New tv is upon us, tv-watching people! Settle in, watch some trailers, and then come see how kegger and I feel about things!
ameliebee: I chuckled a few times, but I probably won’t watch it. I have high standards when it comes to sitcoms these days.
ameliebee: I couldn’t even make it through the whole trailer. Pass.
kegger: It looks kind of awful. And I actually somehow managed to watch the entire trailer.
ameliebee: That clip gave me NOTHING about the premise of the show. However, IOAN GRUFFUD! HI! (The premise of the show reminds me of New Amsterdam. Does anyone remember that show? It starred pre-Jaime Lannister Nikolaj Coster-Waldau. That was my first Nikolaj Coster-Waldau experience, and you know what they say about your first…)
kegger: Looks… meh. (Also, what the heck is New Amsterdam?) This show looks like it’s going to be a procedural… while he figures out he’s immortal? Whaaa? The premiss just seems kind of week, to be honest.
Confession: I’m not really a cake person. If it’s there, I might eat a piece, but I’d rather have cookies or brownies or pie or anything other than cake. While I don’t like to eat cake, I love to bake it. So when my cousin asked for a red velvet cake for her birthday, I said, “absolutely!”
I’ve never understood the fascination with red velvet cake. It’s just a chocolate cake with red food coloring. What makes it so special? What are your secrets, red velvet cake?
Bakerella’s recipe is really good, and pretty easy. I like that it’s a true homemade cake–no cake mix involved at all. I’ve made it several times, and it always comes out perfect and gorgeous (and I guess tasty. No one has complained about it, that’s for sure!) My cake is never as pretty as Bakerella’s example, but I figure once it’s sliced up, no one cares what the cake looked like originally.
This is what the cake looked like originally.
One note for first-time red velvet cake bakers: you’re going to get food coloring all over your counters and it’s going to look like you stabbed someone.
One more note: The recipe just says vinegar, but I always use apple cider vinegar, and it’s always good.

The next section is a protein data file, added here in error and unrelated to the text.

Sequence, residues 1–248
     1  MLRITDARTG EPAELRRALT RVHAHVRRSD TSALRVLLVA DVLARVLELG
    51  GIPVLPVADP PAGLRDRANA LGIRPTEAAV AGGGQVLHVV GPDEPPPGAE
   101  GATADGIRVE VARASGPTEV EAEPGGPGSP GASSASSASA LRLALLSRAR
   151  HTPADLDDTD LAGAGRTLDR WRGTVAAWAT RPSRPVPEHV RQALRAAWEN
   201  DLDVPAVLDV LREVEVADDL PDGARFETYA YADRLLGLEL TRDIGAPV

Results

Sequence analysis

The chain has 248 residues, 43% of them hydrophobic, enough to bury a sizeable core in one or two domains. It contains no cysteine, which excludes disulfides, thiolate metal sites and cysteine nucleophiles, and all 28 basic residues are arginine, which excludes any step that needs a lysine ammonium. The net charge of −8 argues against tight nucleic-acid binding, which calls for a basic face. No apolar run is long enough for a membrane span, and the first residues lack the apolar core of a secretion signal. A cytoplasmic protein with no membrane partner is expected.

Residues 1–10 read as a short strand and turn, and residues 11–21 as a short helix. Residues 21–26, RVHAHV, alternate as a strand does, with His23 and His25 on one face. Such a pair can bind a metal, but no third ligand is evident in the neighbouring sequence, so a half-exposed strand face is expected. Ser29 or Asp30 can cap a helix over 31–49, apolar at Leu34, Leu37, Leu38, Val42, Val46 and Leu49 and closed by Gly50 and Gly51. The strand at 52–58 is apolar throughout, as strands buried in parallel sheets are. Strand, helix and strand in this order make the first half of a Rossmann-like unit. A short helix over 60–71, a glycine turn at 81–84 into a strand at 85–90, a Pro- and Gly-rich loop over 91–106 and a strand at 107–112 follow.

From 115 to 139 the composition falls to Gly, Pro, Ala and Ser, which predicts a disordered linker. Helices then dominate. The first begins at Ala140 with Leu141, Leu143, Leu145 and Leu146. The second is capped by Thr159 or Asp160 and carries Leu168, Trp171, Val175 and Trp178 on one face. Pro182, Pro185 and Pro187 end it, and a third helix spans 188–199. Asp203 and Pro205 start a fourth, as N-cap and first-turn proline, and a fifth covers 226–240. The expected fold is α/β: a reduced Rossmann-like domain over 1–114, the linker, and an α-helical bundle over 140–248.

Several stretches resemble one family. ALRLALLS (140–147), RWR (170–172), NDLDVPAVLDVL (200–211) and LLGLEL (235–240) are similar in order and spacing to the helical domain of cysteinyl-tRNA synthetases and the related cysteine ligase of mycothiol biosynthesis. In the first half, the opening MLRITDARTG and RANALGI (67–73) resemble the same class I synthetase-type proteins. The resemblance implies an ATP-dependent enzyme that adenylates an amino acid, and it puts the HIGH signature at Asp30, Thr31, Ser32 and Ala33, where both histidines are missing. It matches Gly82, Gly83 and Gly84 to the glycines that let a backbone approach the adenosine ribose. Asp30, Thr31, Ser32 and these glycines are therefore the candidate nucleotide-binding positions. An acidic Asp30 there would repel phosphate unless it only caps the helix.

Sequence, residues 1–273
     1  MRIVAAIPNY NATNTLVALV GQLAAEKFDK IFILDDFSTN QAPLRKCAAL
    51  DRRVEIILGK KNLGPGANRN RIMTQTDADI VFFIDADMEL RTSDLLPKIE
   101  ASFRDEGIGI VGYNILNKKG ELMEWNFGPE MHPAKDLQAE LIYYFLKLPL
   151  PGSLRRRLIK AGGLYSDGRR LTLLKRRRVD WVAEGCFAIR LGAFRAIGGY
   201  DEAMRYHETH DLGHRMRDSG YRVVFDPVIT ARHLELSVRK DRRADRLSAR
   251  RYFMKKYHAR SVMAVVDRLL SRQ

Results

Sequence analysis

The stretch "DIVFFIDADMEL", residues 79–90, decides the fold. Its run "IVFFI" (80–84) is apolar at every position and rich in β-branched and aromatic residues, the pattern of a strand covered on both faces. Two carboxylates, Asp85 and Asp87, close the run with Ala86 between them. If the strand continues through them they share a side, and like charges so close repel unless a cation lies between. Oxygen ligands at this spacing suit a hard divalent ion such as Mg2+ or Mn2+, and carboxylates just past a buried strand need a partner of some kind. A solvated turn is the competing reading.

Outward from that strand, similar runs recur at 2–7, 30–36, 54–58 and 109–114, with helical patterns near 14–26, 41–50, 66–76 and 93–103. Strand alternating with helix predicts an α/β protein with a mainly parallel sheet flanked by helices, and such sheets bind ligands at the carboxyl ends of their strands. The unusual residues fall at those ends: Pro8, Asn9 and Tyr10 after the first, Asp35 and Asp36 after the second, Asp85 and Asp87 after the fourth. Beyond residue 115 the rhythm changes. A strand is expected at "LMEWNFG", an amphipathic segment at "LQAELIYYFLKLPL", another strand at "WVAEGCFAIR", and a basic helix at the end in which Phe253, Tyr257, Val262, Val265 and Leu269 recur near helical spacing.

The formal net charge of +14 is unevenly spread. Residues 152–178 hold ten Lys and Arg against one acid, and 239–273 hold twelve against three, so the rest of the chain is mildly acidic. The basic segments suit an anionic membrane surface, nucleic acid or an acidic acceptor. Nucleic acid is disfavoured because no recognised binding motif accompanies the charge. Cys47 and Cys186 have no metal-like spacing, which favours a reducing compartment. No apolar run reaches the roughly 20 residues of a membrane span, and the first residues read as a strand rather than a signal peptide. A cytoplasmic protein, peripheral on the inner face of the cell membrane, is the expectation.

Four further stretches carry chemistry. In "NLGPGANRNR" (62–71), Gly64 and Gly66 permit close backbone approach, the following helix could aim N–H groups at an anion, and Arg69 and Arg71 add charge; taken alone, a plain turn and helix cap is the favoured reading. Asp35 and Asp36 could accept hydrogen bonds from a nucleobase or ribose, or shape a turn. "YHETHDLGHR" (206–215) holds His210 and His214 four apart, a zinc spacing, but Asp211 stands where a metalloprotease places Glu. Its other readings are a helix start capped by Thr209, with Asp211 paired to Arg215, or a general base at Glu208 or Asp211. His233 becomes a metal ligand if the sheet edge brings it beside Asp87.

Shit, another note: make sure your cake is ALL THE WAY COOL before you even attempt to frost it. If the cake is even a little warm, the frosting won’t stick. I wrap my layers in plastic wrap (keeps the cake from drying out while it’s cooling) before I stick them on the wire rack to finish cooling. If you’re short on time, wrap the layers up and stick them in the fridge. If you’re really short on time, stick them in the freezer–just don’t forget about them!
It’s been a while since kegger and I have blogged, but we’ll be back more regularly this summer. We’re participating in Blogging For Books, so get ready for lots of book reviews! (And maybe other things, if we feel like it.)
We will loudly and proudly admit that we like The Vampire Diaries. Doesn’t matter that it’s about vampires—they are totally not lame and there’s no sparkling. Doesn’t matter that it’s on the CW—we’ll always hold a grudge against them for canceling Veronica Mars, but we can overlook it for the sake of this show. It’s not just a guilty pleasure to watch—there’s nothing guilty about liking it.
Here’s why we like this show: shit happens. There is an over-arching mythology, sure. But in building the foundation for the mythology—the mysteries and secrets that give it depth—the writers haven’t neglected to answer the little questions. Take this season’s moonstone. First it was “What is the moonstone?” and “Why does Katherine want it?” We’re six episodes in, and we know what the moonstone is and we have a pretty good guess as to why Katherine wants it. (You could take some lessons from Vampire Diaries, Lost!!) We’ve also got werewolves this year. We know that it’s a family curse, and we know how the curse is activated. We’ve gotten background on Katherine, Stefan, and Damon that’s helped us understand what’s going on and helped push the plot forward. We’ve had permanent deaths, un-deaths, vampire-making deaths. We’ve had fake break-ups and real break-ups. We’ve had all kinds of juicy character developments. It’s twisty and twisted and dark but not dreary, all sharp storytelling and real, coherent plot development. You guys, it’s A Good Show.
And, seriously, the sheer amount of Shit That Happens in each episode is staggering. Most shows would stretch things out as long as possible, which doesn’t really create tension within the confines of the show; it just frustrates the viewers.
It’s almost too bad VD is on the CW, because it’s unlikely that any of the cast will get the recognition they deserve. If we gave out Emmy awards, Nina Dobrev would be high on our list just for the number of scenes she’s in (practically every one, if you’re wondering. And sometimes twice in the same scene. We get exhausted just watching her.) You never have to wonder if you’re watching Elena or Katherine—the differences between the two might be subtle, but they’re there and you know who she is.